Like it or not, Yelp’s alerts are here to stay. There is a need for all small and medium-sized businesses to improve their diversity and inclusion practices. As such, it’s prudent to prepare for both the opportunities and challenges brought about by this new policy. How, exactly, this occurs will depend mainly on current anti-racism efforts at the business level.

As you prepare your response to Yelp’s new policy, consider performing an audit of your business practices as they relate to the current racial tension. Do you require employees to undergo sensitivity training? What happens if you’re made aware of an employee’s unacceptable conduct? To what degree should you be monitoring your employee’s behavior or online profiles outside of work?

Consider seeking feedback from an outside party, which can alert you to concerns that require urgent attention. The better you understand your company’s present culture and atmosphere, the more equipped you’ll be to make the necessary changes.

Next, develop standards for employee behavior. All workers should recognize that their conduct, both on and off the job, can impact your business. Make your expectations clear from the get-go and continue to clarify with ongoing training and other updates as needed. Employees should realize that, should they behave in a way that places customers — and by extension, your business — at risk, there will be consequences. Don’t hesitate to follow through if workers step out of line.

Crisis management is also essential. How you respond to allegations could influence whether your Yelp page receives a general or severe alert — or whether any action is taken at all. As mentioned previously, Yelp will sometimes de-escalate alerts in response to corrective action. Even if an alert remains in place, consumers might be willing to give businesses a chance if they witness a thoughtful response or evidence of mitigation efforts.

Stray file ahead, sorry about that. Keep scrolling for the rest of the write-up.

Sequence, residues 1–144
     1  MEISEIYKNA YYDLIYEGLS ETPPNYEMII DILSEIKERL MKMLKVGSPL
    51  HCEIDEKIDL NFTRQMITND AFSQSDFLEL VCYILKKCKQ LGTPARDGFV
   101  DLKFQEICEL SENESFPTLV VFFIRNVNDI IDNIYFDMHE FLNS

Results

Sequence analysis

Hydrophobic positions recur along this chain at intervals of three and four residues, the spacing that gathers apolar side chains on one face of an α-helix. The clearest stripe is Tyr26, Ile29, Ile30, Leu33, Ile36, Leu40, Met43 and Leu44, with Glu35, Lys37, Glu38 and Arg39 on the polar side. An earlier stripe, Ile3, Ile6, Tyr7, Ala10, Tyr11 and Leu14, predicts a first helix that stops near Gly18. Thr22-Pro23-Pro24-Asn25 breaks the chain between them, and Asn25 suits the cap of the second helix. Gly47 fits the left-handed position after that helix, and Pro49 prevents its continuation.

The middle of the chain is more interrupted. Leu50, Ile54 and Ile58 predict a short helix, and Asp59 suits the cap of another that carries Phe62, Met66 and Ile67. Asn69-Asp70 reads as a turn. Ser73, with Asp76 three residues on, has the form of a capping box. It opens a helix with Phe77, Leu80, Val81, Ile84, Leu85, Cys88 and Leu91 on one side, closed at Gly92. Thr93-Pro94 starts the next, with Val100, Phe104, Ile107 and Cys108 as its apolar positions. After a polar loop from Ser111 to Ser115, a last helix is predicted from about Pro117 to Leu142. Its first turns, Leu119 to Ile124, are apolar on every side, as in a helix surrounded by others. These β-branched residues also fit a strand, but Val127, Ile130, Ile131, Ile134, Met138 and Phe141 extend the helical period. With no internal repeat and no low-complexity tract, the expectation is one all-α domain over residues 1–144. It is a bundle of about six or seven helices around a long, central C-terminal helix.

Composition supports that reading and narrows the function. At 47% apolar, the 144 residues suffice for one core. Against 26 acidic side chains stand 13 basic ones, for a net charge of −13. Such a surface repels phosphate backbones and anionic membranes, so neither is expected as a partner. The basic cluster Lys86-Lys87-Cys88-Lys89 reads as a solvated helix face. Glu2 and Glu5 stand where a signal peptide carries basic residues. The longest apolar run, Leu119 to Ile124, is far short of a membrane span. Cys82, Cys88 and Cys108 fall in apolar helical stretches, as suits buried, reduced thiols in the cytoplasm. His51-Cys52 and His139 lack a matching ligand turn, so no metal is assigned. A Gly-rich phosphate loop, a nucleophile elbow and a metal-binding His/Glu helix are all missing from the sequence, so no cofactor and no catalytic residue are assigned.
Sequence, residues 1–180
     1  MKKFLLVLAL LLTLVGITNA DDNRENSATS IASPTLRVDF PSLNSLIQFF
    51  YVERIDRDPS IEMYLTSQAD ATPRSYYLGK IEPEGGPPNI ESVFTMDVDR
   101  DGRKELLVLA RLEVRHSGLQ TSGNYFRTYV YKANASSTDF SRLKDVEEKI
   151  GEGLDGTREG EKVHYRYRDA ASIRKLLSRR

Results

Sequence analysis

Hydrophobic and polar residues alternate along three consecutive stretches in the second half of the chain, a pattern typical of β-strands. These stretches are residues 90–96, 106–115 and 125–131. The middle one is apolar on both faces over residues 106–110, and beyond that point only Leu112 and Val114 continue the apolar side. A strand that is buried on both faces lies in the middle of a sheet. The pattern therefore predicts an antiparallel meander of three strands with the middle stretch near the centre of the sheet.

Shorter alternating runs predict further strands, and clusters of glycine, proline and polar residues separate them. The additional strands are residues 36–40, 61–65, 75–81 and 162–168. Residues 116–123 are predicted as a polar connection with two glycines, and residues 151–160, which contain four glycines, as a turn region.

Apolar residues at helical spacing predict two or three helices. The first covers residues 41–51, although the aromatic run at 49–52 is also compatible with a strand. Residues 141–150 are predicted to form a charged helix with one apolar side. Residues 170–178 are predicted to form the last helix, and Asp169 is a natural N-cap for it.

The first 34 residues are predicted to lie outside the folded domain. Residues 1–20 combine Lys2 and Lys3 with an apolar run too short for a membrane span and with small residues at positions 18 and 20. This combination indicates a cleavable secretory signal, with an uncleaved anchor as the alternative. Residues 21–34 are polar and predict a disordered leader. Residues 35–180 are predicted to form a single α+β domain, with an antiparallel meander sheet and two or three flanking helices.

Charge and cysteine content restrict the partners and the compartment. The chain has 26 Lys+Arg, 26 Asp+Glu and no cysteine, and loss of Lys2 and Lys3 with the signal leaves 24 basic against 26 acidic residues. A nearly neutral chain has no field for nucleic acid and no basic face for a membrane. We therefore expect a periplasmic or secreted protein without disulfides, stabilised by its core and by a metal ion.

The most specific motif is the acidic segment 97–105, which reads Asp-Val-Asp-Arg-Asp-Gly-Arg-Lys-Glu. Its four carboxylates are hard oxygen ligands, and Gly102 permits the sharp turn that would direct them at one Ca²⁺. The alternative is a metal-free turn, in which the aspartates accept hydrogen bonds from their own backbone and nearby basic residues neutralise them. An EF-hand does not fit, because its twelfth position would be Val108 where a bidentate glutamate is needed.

How a Positive, Yet Authentic Brand Message Can Help

How a positive, authentic brand message can help your stand against racism

Another key for thriving as policies such as the alert system at Yelp take over: demonstrating your company’s commitment to improving your community. This commitment should be evident in every aspect of your branding, products, and services. Inaction is no longer a statement in you or your business’s stance against racism. Not partaking in a racist activity or sharing racist ideas does not mean you are anti-racist. Consumers expect to know where you stand and in what ways you are combatting systemic racism.

Today’s conscious consumers are far more willing to give businesses the benefit of the doubt when they believe that such organizations otherwise make a positive difference. Strive for authenticity over hollow messaging — and don’t be afraid to apologize or take corrective action if called out due to legitimate concerns. Many businesses took a stand for racial justice, but their attempts fell flat because their actions did not match the message.

For example, Quaker Oats’ brand Aunt Jemima chose to discontinue the brand in an attempt to make amends for past wrongdoings. However, merely withdrawing the brand or repackaging the same product comes across as relatively passive and self-serving. Most consumers did not resonate with the authenticity of this message.